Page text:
NBA Trade Rumors: Why the Lakers Still Need to Make a Trade to Be a Contender

Jacob RudeContributor IIIJanuary 6, 2012

LOS ANGELES, CA - DECEMBER 19:  Andrew Bynum #17 of the Los Angeles Lakers turns as Brian Cook #34 of the Los Angeles Clippers falls during the game at Staples Center on December 19, 2011 in Los Angeles, California. NOTE TO USER: User expressly acknowledges and agrees that, by downloading and/or using this Photograph, user is consenting to the terms and conditions of the Getty Images License Agreement. Mandatory Copyright Notice: Copyright 2011 NBAE  (Photo by Harry How/Getty Images)
Harry How/Getty Images

The Lakers have been about as inconsistent as can be this year. Following last night's loss to the Blazers, they are 4-4 and haven't looked very good so far.

Really, the only good part of this season has been Andrew Bynum's dominating performance. His 21 point, 12 rebound performance was actually one of his worst performances of the season. He's been absolutely dominant this season, averaging 22.3 points, 15.6 rebounds and 2.3 blocks a game. He's making Lakers fans say "Dwight Who?"

That being said, the Lakers aren't going to be serious contenders with this team. Their inability to even remotely stop a point guard is going to kill them. Just take a look at the numbers for opposing PGs this year

Derrick Rose—22 points, 9-13 FG

Tyreke Evans—20 points, 6-13 FG, 7-12 FT

Ty Lawson (two game average)—13 points, 9 assists, 8-19 FG, 9-12 FT

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Kyle Lowry—22 points, 10 rebounds, 9 assists

Jamal Crawford/Raymond Felton—25 points, 13 assists, 6 rebounds

In those six games listed, the Lakers are 2-4, and the two games they won were by just three and nine points. The Lakers other two wins came against the Jazz and the seemingly PG-less Knicks.

Derrick Rose #1 of the Chicago Bulls puts a shot up against Pao Gasol #16 of the Los Angeles Lakers during the game at Staples Center on December 25, 2011 in Los Angeles, California.  NOTE TO USER: User expressly acknowledges and agrees that, by downloadi
Lisa Blumenfeld/Getty Images

Basically anytime the Lakers face a semi-decent point guard, they can't handle him, and more times than not, lose the game. While the Lakers do have size, they don't have athleticism to match up on the perimeter.

While the Lakers have a clear size advantage, their lack of athleticism and defense on the perimeter are going to kill them. Which is why they need to use the few trade chips they have to make a move.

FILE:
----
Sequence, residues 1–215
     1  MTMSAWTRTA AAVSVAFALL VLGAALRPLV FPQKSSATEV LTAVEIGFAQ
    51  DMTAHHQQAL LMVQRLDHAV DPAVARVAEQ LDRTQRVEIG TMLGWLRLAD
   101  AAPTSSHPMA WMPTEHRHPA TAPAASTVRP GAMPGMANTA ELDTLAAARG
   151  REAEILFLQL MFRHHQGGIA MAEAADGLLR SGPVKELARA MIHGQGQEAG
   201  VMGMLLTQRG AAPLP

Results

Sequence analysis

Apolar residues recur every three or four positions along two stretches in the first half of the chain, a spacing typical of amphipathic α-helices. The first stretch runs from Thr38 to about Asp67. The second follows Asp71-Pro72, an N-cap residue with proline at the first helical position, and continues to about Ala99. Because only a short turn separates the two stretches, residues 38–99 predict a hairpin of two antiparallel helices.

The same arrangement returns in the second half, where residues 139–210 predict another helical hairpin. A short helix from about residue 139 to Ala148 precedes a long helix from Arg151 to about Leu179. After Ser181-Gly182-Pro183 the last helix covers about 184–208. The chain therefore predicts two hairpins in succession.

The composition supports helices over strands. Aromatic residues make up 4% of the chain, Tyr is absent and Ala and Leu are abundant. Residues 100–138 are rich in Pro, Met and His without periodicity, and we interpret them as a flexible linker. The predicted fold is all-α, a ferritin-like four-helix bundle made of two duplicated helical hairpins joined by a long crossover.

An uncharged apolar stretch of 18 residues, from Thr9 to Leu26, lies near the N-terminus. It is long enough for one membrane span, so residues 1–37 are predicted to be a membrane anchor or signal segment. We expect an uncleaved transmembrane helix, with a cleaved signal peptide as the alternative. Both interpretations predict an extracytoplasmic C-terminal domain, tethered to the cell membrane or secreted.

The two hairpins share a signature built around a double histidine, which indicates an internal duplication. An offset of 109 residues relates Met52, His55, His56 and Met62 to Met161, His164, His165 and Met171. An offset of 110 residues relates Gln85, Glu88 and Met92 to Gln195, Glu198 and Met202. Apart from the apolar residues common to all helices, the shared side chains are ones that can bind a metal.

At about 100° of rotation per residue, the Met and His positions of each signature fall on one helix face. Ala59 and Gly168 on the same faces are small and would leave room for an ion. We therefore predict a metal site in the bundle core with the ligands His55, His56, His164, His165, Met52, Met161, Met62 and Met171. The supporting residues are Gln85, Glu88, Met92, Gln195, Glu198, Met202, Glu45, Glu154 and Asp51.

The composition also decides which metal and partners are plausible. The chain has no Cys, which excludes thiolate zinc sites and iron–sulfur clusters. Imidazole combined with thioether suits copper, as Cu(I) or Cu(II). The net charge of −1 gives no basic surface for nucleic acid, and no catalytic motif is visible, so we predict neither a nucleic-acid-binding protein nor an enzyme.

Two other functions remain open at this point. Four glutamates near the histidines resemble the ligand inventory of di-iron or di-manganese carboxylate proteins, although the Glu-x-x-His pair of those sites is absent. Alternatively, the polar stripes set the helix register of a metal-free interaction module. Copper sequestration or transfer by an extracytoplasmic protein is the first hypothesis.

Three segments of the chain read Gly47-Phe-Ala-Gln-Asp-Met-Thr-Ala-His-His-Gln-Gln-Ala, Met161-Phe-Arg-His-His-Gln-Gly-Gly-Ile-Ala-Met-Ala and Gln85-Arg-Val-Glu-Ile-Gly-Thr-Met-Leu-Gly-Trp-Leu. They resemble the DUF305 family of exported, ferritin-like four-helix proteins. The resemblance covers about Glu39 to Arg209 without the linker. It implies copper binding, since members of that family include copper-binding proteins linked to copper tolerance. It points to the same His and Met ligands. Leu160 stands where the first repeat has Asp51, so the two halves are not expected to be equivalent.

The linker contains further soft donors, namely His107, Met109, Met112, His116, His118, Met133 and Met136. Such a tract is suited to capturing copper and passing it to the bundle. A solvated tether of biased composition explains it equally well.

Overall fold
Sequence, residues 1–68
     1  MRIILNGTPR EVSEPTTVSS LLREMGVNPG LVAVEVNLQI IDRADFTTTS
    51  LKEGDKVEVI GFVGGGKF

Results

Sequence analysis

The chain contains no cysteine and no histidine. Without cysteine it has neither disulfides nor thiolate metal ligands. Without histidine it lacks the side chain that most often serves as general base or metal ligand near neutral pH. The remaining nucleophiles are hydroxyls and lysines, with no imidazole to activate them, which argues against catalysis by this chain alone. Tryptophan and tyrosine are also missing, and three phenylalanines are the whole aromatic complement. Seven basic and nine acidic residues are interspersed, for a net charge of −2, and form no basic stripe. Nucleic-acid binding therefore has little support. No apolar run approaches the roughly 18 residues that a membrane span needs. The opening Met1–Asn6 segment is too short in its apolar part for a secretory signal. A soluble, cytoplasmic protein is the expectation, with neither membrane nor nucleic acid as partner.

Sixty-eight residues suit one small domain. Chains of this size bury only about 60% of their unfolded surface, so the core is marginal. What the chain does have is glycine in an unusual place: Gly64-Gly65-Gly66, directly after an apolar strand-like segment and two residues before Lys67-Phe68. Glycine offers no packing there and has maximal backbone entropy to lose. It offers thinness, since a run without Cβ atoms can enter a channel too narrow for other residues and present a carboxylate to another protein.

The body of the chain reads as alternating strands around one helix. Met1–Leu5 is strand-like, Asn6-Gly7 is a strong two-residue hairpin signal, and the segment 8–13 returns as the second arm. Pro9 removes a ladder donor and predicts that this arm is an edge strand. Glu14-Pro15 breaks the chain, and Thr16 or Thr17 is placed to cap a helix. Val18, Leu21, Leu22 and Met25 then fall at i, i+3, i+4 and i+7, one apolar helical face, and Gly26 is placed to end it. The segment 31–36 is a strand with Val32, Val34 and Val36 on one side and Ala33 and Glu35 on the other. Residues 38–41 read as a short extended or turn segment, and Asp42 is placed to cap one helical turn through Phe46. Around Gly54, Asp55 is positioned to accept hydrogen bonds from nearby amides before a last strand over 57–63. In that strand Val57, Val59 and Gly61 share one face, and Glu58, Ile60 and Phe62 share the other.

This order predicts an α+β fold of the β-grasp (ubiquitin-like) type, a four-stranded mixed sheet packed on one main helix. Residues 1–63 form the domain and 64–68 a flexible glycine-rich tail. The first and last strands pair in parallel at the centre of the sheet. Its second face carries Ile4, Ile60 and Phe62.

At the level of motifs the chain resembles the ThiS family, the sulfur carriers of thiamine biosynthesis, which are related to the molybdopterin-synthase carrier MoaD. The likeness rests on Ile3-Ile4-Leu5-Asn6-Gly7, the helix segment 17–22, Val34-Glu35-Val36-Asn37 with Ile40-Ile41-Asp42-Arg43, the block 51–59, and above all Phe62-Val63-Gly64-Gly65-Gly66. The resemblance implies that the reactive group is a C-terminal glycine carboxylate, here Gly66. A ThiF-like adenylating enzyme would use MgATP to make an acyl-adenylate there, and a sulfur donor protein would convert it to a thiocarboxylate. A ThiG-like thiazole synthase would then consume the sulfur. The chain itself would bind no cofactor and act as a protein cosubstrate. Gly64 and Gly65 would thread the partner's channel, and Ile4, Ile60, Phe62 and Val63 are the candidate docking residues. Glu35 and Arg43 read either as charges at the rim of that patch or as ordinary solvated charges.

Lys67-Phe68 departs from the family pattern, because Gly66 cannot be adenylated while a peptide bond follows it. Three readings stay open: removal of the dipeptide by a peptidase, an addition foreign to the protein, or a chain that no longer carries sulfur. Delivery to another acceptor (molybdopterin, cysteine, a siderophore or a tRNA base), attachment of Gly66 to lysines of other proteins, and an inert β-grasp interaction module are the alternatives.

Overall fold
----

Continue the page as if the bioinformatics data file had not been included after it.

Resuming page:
While many criticized the Lakers trade of Odom for a first-round draft pick, it's not looking too awful right now. Odom is sucking it up in Dallas, totally out of shape and looking lost. He's averaging just 6.6 points, 4.8 rebounds and shooting 27percent from the field. And he isn't the only one in Dallas not doing too well, making the draft pick the Lakers have more and more valuable.

Now, do I think that'll even be a lottery pick? No. But I do think that it'll be a better pick than people thought when the trade was made. Maybe the Lakers saw Odom was out of shape in camp and dealt him. Maybe they know something we don't. Regardless, they do have two No. 1 picks and can use them.

However, I don't want them waiting around and using them for Dwight Howard. While I'd love to have him over Bynum, Otis Smith is playing hardball and is going to wait, which the Lakers can't afford to do. In this shortened season, the Lakers have little time or room to make mistakes. The Lakers need to go out and get a point guard who knows how to defend better than either Steve Blake or Derek Fisher, which really isn't saying a lot.

In an article from earlier this week, it was rumored D.J. Augustin was on the trading block. He'd be a perfect addition to this Lakers team. He wouldn't cost much to get and wouldn't demand the ball from Kobe. There are other names that could make sense too: Luke Ridnour or Jeff Teague (I don't think he's available, though).

The trade I would like the best, if the Lakers could pull it off, would be bringing in both Andre Iguodala and Jrue Holiday for possibly Pau Gasol, Matt Barnes and both first-round picks. The money might not add up, but the pieces are there. The team would take a huge step forward defensively with those two, and Josh McRoberts showed early this season he could be productive as a starter.

The point is, the Lakers NEED to make a move, not for Dwight Howard, but for a smaller piece. The lack of athleticism is going to be their Achilles heel as point guards will run circles around them all season long if they don't do anything about it. Dwight Howard isn't going to solve their back-court problems and the longer the Lakers wait for him, the worse off they're going to be.